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A new start

'ARE YOU going to change the name?' was by far the most common question asked by those learning that we planned to relaunch NCE. The answer, of course, is no - New Civil Engineer/NCE is a universally known brand and not something you toss away without good reason.

But the fact that the question was asked so often reveals much about the profession.

Placing 'new' in a magazine name is a way of suggesting that readers have chosen a publication with its sights set firmly on the future and that they, by association, are forward thinking people.

It's a policy which has served market leaders New Scientist, New Statesman and New Musical Express well.

So why the dislike of the word 'new' among many civil engineers? Well, for start it offends their sense of logic. NCE was christened to distinguish itself from the ICE's proceedings 'Civil Engineering'. But NCE is now 27 years old.

Compared with other construction titles like the architects' journal or Construction News, New Civil Engineer sounds fussy. It also gives rise to the irritating inquiry 'what happened to the old civil engineer'?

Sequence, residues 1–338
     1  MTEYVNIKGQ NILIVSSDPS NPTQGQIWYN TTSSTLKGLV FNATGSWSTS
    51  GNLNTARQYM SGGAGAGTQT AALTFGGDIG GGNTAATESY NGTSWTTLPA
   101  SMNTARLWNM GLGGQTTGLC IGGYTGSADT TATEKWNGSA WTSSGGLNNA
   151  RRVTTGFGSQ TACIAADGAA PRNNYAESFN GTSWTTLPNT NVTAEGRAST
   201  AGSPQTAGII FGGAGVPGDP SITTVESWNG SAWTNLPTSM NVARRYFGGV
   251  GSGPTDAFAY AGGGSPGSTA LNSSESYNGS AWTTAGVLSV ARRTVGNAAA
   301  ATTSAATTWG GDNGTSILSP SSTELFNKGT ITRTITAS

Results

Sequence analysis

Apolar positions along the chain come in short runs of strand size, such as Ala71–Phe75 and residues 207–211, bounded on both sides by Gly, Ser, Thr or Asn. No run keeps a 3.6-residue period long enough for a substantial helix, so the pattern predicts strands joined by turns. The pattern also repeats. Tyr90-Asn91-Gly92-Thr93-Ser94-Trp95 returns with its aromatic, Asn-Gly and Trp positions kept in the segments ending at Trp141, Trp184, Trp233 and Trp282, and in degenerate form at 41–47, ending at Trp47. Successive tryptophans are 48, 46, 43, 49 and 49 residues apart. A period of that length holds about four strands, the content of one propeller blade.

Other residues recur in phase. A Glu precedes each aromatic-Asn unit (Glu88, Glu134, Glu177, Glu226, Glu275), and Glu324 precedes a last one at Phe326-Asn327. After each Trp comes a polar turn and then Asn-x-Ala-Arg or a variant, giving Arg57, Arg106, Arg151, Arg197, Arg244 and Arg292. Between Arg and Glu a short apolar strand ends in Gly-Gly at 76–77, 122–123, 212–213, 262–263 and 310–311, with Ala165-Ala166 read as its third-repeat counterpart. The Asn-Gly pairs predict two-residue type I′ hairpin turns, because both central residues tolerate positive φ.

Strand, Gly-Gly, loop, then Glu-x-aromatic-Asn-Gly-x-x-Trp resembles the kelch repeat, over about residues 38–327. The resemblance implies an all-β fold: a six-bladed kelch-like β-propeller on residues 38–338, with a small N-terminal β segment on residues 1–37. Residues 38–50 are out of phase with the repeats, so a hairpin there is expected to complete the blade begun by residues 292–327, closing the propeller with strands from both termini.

Then there's the alleged 'inherent conservatism' of the profession, a view that the glory days are gone and that there is little new worth writing about.

Finally, of course, some readers may believe that the NCE of recent years has not been at the cutting edge of the profession. It is a view that, to an extent, we share and it is one of the driving forces behind the relaunch.

But for all the strength of the NCE 'brand', we would not have kept the name if we did not believe that the 'new' could still be justified.

The growing importance of disciplines like transport planning and sustainable development offer civil engineers a defining and hugely influential role in the future of the UK and other developed economies.

There will be fewer and fewer mega projects, but in tasks such as returning parts of inner cities to their former vibrancy, civil engineers will play as great a civilising role as the railway pioneers of the last century and the motorway builders of the fifties and sixties.

Overseas, civil engineering is arguably the world's most valuable discipline. The rising world population means that engineers face challenges dwarfing those of previous generations. Problems of water provision and environmental contamination mean civil engineers are likely to save more lives in coming centuries than doctors. Internationalisation of company ownership and opportunities provided by information technology mean British civils will take a leading role.

Those worried about status and pay, or working on sites with major safety problems, may think this is a rose-tinted view. Rest assured that NCE will continue to expose all the more problematic aspects of being a British civil engineer in the 21st century. Navel gazing over, let's get on with it.

Alastair McLellan is editor of NCE.

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